To say the course. There have been a lot of times that it would have been easier to sell or give up and I think I’ve been richly blessed by staying the course and looking back on the hard times and learned lessons from them, and shared those lessons learned. It would have been easy to sell our little business to the big companies and we didn’t. I stayed the course.

What was the toughest decision?
The toughest years, were when we started the second Bun Company plant. The sales just weren’t there to cover our fixed overhead and a customer that promised us a certain amount of business, just didn’t have it to give. There were many months over 2 years, that we lost between $250 – $300,000 in a month. So much of the money we were making at one plant was being used to just subsidize the other. There were so many sleepless nights, so many tears and so much frustration and I just felt I was watching myself go bankrupt in slow motion. It was very tough. That was the toughest time but everyone goes through tough times. It’s very personal.

You mentioned that this is a family business. Many family businesses have unique dynamics, in addition to typical corporate challenges. Who in your family is involved and what kind of extra dynamic does that create?
Thankfully, I married my CPA. His name is Tom and he has not only become our CFO but he has recently become a partner in the business. We’ve been married for 14 years and he is brilliant. He adds humor and passion. He is very dynamic in his own right. His daughter Beth has been my CPA since my last business and she’s brilliant and humorous and she is 2nd in line in our accounting department. My oldest son, Hunter, is running our cold storage facility. My youngest son, Tyler, is in training for bakery. My brother is my partner in another bakery. My brother-in-law is over one of the departments at one bakery. It’s just lots of family and the family has been very respectful. They understand that it’s my business and I have the final say. We don’t have issues about them being supportive even when they don’t agree with the decision. We will talk about the decision at home, but not at the office. They are very, very supportive. They see and agree with how we approach our employees, we know they will make mistakes, but as long as we know it wasn’t intentional and as long as their heart is in the right place, we will forgive and forget and move on. We try to treat them the way we want to be treated.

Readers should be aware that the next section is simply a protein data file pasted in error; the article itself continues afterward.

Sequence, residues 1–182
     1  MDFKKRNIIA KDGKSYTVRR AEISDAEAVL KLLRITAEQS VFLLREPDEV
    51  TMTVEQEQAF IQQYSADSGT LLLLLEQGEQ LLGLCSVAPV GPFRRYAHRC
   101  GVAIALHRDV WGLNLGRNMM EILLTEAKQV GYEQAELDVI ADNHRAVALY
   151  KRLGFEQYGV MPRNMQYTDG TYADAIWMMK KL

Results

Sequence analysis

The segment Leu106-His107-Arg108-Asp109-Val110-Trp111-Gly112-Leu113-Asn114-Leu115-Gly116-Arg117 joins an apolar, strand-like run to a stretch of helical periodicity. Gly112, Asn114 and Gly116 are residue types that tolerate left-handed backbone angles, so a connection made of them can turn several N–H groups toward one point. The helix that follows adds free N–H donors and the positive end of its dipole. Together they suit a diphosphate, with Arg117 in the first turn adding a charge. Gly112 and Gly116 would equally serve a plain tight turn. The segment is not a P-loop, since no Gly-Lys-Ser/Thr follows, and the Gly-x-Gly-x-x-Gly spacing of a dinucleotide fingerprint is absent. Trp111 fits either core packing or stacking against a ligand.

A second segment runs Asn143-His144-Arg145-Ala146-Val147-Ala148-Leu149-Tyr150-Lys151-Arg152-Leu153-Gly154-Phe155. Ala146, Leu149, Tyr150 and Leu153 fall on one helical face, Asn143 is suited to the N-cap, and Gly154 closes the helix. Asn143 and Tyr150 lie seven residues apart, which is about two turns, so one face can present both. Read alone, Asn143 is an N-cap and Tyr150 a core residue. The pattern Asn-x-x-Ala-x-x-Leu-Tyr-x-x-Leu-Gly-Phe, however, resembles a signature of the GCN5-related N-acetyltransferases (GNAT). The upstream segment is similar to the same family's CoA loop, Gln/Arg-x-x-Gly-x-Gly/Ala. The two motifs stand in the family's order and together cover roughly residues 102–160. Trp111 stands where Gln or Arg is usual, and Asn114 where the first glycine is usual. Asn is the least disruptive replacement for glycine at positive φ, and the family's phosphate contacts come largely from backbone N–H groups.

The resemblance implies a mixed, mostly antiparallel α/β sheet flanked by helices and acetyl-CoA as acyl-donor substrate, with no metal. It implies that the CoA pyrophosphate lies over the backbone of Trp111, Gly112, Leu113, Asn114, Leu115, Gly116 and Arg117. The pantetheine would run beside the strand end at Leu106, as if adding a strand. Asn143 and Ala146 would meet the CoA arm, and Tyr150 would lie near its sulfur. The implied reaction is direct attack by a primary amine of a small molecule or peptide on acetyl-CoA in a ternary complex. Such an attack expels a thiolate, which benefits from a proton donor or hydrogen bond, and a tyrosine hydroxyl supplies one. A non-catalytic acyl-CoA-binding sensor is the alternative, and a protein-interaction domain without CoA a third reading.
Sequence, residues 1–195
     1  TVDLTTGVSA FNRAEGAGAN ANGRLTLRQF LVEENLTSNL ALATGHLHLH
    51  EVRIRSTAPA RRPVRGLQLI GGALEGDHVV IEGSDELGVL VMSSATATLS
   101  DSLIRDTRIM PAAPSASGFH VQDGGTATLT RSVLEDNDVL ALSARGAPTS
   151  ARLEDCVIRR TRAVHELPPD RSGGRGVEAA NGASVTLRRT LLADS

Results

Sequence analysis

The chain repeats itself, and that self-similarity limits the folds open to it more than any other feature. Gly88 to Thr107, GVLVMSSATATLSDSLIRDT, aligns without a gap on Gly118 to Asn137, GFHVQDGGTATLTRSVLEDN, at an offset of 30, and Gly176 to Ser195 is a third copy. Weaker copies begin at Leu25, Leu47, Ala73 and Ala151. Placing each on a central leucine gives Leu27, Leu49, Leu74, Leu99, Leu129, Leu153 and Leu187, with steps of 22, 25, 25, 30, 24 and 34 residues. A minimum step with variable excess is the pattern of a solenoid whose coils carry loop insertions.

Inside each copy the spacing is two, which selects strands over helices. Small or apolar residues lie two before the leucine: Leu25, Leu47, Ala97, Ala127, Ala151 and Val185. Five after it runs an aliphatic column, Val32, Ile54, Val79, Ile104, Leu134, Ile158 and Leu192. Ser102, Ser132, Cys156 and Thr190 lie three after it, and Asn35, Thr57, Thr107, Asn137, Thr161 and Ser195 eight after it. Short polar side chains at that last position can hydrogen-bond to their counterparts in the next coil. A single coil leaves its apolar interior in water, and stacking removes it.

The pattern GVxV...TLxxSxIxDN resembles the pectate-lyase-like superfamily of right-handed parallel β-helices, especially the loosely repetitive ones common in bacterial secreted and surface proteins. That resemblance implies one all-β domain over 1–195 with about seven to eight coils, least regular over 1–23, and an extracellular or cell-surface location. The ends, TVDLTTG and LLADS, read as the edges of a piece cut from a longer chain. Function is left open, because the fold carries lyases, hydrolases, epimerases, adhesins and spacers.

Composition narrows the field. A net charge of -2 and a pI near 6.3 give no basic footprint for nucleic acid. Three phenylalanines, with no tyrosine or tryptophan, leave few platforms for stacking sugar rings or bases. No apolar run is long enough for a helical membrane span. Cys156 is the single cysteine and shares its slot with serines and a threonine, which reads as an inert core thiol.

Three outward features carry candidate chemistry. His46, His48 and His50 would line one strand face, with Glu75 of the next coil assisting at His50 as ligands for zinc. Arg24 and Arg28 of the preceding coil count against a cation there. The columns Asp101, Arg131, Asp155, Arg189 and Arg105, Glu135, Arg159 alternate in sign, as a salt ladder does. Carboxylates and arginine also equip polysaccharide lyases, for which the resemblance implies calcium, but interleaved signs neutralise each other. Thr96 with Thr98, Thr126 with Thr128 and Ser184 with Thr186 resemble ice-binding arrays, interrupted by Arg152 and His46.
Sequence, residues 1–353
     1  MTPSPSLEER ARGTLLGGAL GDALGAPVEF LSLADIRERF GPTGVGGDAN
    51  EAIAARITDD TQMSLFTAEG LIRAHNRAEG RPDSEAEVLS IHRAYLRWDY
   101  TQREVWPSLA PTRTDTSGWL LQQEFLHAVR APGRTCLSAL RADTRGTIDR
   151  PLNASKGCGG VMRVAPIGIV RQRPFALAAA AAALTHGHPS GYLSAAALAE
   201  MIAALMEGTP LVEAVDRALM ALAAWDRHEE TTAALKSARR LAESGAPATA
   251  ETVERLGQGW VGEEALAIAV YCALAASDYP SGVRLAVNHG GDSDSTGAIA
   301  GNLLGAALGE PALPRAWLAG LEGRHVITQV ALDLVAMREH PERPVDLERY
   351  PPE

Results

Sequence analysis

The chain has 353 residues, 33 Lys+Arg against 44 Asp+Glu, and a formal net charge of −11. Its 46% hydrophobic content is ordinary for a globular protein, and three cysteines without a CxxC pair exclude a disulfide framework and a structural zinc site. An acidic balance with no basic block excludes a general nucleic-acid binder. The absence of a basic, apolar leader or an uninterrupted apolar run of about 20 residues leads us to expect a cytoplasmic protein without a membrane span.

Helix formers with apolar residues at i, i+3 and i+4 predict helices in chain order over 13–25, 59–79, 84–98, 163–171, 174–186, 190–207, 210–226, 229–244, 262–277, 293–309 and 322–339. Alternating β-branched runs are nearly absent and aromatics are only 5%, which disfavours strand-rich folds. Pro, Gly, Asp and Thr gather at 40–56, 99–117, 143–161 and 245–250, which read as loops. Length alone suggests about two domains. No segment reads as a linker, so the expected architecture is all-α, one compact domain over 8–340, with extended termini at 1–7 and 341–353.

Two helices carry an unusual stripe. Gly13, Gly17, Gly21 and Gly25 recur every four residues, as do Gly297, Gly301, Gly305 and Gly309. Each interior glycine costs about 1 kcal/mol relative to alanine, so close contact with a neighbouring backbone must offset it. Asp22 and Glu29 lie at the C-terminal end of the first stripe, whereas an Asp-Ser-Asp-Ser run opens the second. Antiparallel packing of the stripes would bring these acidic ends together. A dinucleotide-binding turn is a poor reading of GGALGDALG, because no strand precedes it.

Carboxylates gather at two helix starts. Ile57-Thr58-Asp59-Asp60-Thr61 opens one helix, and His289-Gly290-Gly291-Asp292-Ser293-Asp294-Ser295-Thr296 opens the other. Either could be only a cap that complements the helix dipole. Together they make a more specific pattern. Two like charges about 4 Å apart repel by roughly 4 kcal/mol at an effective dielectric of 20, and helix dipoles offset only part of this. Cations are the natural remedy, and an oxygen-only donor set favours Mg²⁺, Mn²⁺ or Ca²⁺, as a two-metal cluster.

What’s next for Bun Companies and what’s next for Cordia Harrington?
Since the beginning, I dreamed of owning a baker overseas. The goal is to have that bakery up and running by January 2013, but we expect to get that accomplished by the end of 2011 or first quarter of 2012. We are building a high-speed bakery in China and we’ve got the customers secured, in fact we’ve gotten two customers secured for that and I’m very excited about that. My husband thinks I’m crazy, but I’m really excited about it. Along that same line, in the US we are in the process and under construction to add a line at the Nashville plant that will open up in April of this year. We are also acquiring a bakery in another state in 2011. 2011 going to be a really busy year. The last few years I’ve taken off the month of January to recoup but this year there’s no time to take off.

Cordia Harrington is the founder, CEO, and president of Tennessee Bun Company. Founded in 1996, Tennessee Bun Company supplies buns to restaurants such as McDonald’s, Chili’s and Pepperidge Farm. TBC is one of the most highly automated bakeries in the world, producing 1,000 buns per minute, and ships to 40 states east of the Rockies and to the Caribbean.

Harrington also opened Nashville Bun Company, a producer of English muffins for McDonald’s, Sheetz, Perkins and more, in 1999. She added a Hearth line to NBC in 2005 to supply McDonald’s and O’Charley’s. Bun Lady Transport was also founded in 1999. In 2005 Harrington purchased the Cold Storage of Nashville freezer facility, and CornerStone Baking Company began production in 2007.

An active member of the community, Harrington is a member of the Minnie Pearl Cancer Foundation, Leadership Nashville, Committee of 200, Chi Omega Foundation, the St. Thomas Health Services Fund and the Federal Reserve Bank of Atlanta Board. She is very involved with Ronald McDonald House Charities locally and nationally.

Harrington has been nationally recognized in many media outlets. In 2005 she was featured on the CBS Early Show, ABC’s Money Matters, NPR’s Motley Fool and NBC Nightly News. She was number 16 in FAST Company magazine’s Fastest Growing Woman-Owned Business list in 2004 and Woman Business Owner of the Year in 2000 (National Association of Women Business Owners). Her companies have received recognition in Nashville’s Future 50 since 1999. Most recently, Harrington was named a finalist in Ernst & Young’s Entrepreneur of the Year Awards and in the Nashville Business Journal’s Best in Business Awards. In 2007, Harrington was recognized as Executive of the Year by the Excellence in Manufacturing Awards, and she was named Chi Omega’s Malinda Jolley Mortin Woman of Achievement. The Bun Companies were named in the 2007 list of the “Top 100 WBEs Impacting Supplier Diversity.” In 2007, Nashville Bun Company was honored by a visit from President George W. Bush.

Start Scaling Your Business Now

Contact Breakthrough Masters For a Consultation